This content was published on October 21, 2020 – 15:50
By Robin Emmott
BRUSSELS (Reuters) – France, one of Europe’s largest military powers, will meet the 2% NATO spending target the United States is seeking this year, the alliance said on Wednesday, but most member states are still lagging behind in a sore spot for Washington.
France is expected to devote 2.1% of its economic output to defense in 2020, NATO said in a report, meeting the target set by NATO leaders at a 2014 summit after annexation by Russia from the Crimean Peninsula to Ukraine.
NATO Secretary General Jens Stoltenberg has said that 2020 will be the sixth consecutive year of increased defense spending by European allies and Canada, up 4.3% in real terms.
“We expect this trend to continue,” he told reporters.
While France was joined by Norway for the first time at 2%, despite the coronavirus crisis that has sapped economies, only 10 of the 30 allies will meet the target this year, including the United States, according to the NATO report.
Italy, Spain and Belgium are among the least spenders.
The issue of defense spending is likely to remain an issue for the United States regardless of who wins the November 3 presidential election, diplomats, officials and experts say.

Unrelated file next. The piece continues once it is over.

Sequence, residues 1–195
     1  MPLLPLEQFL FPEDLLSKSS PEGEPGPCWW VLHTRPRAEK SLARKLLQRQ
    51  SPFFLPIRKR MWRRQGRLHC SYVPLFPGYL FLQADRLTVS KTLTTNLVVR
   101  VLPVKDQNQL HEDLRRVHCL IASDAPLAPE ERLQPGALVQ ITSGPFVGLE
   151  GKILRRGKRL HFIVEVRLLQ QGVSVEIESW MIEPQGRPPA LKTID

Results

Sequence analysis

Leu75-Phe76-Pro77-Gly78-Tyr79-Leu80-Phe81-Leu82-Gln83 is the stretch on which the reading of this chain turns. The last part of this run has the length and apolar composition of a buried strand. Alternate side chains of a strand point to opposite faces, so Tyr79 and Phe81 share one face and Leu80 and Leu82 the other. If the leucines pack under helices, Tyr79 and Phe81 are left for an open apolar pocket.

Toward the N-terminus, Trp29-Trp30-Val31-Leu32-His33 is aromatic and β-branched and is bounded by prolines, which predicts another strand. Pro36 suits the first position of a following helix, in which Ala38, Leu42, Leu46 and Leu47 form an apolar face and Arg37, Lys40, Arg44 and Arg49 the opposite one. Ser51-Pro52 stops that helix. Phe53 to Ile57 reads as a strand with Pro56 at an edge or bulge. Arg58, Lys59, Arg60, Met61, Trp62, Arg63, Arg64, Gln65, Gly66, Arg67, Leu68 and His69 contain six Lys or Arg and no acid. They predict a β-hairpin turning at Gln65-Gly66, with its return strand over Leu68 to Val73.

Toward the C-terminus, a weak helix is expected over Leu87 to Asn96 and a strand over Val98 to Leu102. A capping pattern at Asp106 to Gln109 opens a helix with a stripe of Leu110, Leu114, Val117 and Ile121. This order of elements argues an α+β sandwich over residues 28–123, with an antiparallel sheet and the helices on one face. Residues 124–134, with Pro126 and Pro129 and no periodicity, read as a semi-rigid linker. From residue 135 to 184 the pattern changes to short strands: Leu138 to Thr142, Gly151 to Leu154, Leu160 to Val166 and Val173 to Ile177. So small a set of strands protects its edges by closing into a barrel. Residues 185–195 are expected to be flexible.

The reluctance of Europeans to spend more on defense, despite several countries hosting US troops in Europe, has been a major grievance of President Donald Trump, who has openly questioned NATO’s continued value in Washington.
It eroded confidence in a pillar of post-war European security – that US forces would defend alliance members from Russian aggression. European allies are hopeful that a victory for Democratic candidate Joe Biden, former vice president and staunch supporter of traditional Washington alliances, in the November 3 election would restore confidence.
Only the US, Britain, Greece, Poland, Latvia, Lithuania, Estonia, France, Norway, and Romania will spend 2% or more in 2020, although Turkey, Bulgaria and Croatia are close.
Germany, Europe’s largest economy, has pledged to meet NATO’s defense spending target by 2031.
(Reporting by Robin Emmott; Editing by Mark Heinrich)